Sabato's Crystal Ball

The Common Wisdom of New Year’s Day: Often Wrong for President

Larry J. Sabato, Director, UVA Center for Politics January 7th, 2016


Jan. 1, 1960: If Democrats nominate the very young, Catholic John F. Kennedy, they will throw the election away.

1964: President Lyndon B. Johnson, a “Southern conservative,” could be opposed by a Northern liberal in the primaries.

1968: LBJ’s got a tough fight, but he’s the favorite for reelection.

1972: President Richard Nixon is losing to several top Democrats in the polls; Vietnam could sink a second president.

1976: Jimmy Who?

1980: If President Jimmy Carter can “whip Ted Kennedy’s ass” in the primaries, he’ll surely defeat far-right Ronald Reagan in the fall.

1984: Reagan, called a “failed president” after a deep recession and little progress in foreign policy, looks to be the sixth consecutive president to leave office early.

1988: Vice President George H.W. Bush is a wimp. He’s drawn major GOP opponents, and the electorate seems ready to switch back to the Democrats.

1992: No way can President Bush, the liberator of Kuwait, lose to some scandal-drenched hick from Arkansas.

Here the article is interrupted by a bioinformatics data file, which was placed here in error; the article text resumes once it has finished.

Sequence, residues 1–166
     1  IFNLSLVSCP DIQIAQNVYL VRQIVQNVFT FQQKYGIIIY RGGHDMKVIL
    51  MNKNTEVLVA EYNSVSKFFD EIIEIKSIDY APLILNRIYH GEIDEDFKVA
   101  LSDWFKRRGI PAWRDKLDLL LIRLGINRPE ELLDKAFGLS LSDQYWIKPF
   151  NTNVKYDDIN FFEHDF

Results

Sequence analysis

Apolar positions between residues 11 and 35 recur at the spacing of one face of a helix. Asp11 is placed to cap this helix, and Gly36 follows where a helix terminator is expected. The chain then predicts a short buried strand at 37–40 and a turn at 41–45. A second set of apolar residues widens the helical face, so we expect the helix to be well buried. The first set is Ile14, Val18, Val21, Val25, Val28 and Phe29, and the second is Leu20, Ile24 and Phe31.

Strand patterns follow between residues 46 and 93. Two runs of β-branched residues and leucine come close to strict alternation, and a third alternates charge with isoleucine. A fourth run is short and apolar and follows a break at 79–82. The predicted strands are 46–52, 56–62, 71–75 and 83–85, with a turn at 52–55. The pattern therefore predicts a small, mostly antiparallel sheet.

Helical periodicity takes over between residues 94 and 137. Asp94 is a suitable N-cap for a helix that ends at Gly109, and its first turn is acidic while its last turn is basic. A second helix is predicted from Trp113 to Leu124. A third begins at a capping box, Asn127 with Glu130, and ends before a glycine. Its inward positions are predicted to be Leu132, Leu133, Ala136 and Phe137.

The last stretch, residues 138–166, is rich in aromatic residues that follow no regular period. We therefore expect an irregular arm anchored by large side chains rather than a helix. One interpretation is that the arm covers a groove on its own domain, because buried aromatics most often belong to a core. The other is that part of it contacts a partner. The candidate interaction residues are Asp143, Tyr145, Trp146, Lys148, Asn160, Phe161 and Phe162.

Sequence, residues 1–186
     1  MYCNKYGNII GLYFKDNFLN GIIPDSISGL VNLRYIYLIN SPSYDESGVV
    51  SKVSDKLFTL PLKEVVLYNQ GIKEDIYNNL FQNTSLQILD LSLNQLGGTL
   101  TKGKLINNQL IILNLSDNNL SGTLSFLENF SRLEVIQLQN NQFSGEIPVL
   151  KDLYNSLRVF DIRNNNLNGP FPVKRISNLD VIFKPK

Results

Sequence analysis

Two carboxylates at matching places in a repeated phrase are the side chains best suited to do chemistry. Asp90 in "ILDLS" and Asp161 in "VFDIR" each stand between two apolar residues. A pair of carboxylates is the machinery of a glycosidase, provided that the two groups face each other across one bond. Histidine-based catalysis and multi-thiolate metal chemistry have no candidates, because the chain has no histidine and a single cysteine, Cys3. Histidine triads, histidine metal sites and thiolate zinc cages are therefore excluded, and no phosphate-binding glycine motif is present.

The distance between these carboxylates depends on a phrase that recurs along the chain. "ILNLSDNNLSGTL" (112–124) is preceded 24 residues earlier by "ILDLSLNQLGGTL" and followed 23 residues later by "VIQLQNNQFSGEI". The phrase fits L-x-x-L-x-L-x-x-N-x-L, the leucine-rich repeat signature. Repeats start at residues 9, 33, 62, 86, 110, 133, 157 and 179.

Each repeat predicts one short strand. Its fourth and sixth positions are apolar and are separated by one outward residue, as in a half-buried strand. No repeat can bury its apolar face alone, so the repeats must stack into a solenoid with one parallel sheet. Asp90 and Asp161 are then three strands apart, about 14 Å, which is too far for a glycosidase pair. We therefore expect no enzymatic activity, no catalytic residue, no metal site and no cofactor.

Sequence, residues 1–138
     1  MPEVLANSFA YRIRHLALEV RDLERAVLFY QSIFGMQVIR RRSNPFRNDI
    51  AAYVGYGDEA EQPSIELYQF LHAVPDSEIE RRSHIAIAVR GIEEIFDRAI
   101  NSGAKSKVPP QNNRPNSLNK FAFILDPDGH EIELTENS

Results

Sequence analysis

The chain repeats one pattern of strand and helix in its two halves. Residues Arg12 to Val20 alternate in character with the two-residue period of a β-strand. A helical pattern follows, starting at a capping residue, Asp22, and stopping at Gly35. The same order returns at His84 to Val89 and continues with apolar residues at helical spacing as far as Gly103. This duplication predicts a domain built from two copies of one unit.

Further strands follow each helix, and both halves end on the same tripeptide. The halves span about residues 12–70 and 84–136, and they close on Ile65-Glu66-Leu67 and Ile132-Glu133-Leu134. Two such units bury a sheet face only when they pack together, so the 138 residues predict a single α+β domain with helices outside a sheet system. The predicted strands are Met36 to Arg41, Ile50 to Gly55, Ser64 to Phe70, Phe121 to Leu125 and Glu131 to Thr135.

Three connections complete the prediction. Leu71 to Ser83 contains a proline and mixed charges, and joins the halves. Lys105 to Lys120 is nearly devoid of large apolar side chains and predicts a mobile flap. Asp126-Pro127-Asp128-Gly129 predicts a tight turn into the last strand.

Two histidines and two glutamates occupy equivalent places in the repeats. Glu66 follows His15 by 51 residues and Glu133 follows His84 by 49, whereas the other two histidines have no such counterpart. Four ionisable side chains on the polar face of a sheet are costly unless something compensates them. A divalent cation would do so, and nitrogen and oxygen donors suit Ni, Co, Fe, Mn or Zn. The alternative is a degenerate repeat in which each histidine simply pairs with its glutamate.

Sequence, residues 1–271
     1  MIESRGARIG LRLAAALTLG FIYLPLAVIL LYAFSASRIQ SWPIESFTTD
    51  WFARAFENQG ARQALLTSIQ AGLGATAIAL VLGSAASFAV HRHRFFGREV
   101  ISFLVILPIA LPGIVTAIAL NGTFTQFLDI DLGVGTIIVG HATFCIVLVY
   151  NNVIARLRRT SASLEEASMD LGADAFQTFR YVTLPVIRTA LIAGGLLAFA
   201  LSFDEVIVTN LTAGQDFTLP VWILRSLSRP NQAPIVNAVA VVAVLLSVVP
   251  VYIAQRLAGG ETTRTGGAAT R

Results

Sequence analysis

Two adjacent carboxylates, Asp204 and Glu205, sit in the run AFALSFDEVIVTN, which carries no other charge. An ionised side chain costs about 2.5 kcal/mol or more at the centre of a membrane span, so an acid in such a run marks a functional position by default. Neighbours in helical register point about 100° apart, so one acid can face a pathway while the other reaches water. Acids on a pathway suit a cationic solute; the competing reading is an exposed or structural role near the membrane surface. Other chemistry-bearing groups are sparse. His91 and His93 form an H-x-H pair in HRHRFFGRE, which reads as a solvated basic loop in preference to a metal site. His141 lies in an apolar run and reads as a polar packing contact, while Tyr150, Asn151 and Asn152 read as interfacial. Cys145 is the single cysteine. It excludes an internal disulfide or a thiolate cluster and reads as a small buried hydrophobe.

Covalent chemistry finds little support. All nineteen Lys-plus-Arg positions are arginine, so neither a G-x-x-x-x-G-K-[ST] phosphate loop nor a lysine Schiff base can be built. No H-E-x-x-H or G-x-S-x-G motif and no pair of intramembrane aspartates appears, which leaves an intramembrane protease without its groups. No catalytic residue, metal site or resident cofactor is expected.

1996: Ever since the 1994 GOP landslide, it’s preordained that President Bill Clinton will be a one-termer.

2000: Clinton escaped ouster over the Lewinsky scandal, but it’ll ensure no third term for Democrats. Plus, Vice President Al Gore is a dud on the trail. George W. Bush will win easily.

2004: With solid leads in the polls and Gore’s endorsement, how is anyone going to stop Howard Dean?

2008: It’s Hillary Clinton for the Democrats, of course. John McCain’s got no shot at the Republican nomination, that’s for sure.

2012: The economy is weak and President Barack Obama is very vulnerable. Republicans take to saying, “Even my dog could beat him.”

2016: It’s Hillary Clinton for the Democrats, of course. The Republican finalists will be Donald Trump and Ted Cruz.